WASHINGTON A group of Republican senators introduced a bill Thursday evening to address concerns about treatment under the Volcker Rule of collateralized debt obligations backed by trust-preferred securities.
The legislation, introduced by Sens. Mark Kirk, R-Ill., Mike Crapo, R-Idaho, Pat Toomey, R-Pa., John Barrasso, R-Wyo., Mike Enzi, R-Wyo., Jerry Moran, R-Kan., and Roger Wicker, R-Miss., would provide a broad exemption for Trups-backed CDOs, allowing banks to avoid writing off millions of dollars under the Volcker Rule. The effort comes one day after Reps. Jeb Hensarling, R-Texas, and Shelley Moore Capito, R-W.Va., introduced similar legislation in the House.
"Community banks were promised that this rule would not impact them, and I am disappointed by the requirements that the rule is imposing upon nearly 300 of our nation's community banks," said Kirk in a press release. "Agree or disagree with the intent of the Volcker Rule, with a problem of this magnitude I want to reiterate to the federal regulators as they contemplate a fix for this provision, it needs to be the best and most responsible fix available."
The issue came to a head last month, following the Dec. 10 release of the Volcker Rule, which indicated that certain Trups-backed CDOs would be covered. Several banks quickly announced plans to write down or sell the assets immediately to address accounting concerns related to the rule, in some cases at a substantial loss, though the rule is not set to go into effect until July 2015.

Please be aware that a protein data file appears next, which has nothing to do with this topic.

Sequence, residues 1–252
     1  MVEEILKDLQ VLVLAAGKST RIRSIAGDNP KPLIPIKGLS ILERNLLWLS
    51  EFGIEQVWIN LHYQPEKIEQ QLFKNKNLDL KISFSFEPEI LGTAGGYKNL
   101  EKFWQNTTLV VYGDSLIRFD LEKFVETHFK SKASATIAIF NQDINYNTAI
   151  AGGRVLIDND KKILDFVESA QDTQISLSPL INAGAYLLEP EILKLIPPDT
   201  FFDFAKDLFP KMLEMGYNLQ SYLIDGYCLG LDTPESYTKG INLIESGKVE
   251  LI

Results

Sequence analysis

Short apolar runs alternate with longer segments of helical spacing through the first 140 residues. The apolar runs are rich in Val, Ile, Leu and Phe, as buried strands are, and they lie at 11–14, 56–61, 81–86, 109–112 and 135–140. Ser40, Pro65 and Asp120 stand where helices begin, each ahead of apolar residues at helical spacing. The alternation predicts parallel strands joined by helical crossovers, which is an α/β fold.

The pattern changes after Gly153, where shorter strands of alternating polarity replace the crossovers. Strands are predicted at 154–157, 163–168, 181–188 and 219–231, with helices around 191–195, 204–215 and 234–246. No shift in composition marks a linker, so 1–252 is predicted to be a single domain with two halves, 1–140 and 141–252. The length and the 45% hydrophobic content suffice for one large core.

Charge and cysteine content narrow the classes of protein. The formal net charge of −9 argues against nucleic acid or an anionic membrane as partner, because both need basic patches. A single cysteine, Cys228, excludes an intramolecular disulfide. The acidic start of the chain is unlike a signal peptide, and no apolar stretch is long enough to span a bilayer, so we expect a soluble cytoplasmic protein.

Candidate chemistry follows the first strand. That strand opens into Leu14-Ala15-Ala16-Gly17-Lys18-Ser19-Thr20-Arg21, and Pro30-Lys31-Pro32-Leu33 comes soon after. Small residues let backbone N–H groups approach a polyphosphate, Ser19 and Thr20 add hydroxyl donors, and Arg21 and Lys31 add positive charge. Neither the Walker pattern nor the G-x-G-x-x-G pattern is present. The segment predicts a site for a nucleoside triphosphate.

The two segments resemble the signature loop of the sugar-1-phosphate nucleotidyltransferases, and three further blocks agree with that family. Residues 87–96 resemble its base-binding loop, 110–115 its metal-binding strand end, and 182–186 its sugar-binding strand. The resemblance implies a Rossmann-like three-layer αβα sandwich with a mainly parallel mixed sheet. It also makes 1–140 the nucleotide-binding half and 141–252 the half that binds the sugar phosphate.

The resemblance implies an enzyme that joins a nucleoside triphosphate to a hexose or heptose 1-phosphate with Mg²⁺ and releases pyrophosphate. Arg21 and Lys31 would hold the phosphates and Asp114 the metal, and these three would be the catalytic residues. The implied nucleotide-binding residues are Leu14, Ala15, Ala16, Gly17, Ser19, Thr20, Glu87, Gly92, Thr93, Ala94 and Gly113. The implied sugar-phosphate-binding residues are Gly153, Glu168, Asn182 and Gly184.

Regulators are said to be considering at least two possible fixes, either issuing a general exemption to CDOs backed by Trups or limiting the provision to community banks with less than $15 billion in assets. They are expected to issue an interim final rule by Jan. 15, if not sooner.
Legislative activity on the issue helps to signal where lawmakers stand and could be used to bypass whatever decision regulators come to if the industry remains unsatisfied with the fix put forward by the agencies.
But efforts on Capitol Hill have begun to fracture down party lines, with some Democrats pushing for a more limited exemption for banks with under $15 billion in assets. A coalition of House Democrats urged regulators to adopt such a measure in a letter earlier this week.
"The partisan split may make it tougher to get a quick legislative fix though it doesn't mean legislation is dead," said Jaret Seiberg, a policy analyst for Guggenheim, in a note to clients on Friday. "Rather we believe this is the type of measure that could find its way into a regulatory relief bill later this year."
Senate Republicans pushed back on the idea of a limited exemption in a press release for their bill, saying that a size limit "hurts banks of all sizes." Industry groups have also been relatively united in urging a broader exemption to the Volcker rule provision, warning that a cut-off could damage the Trups market.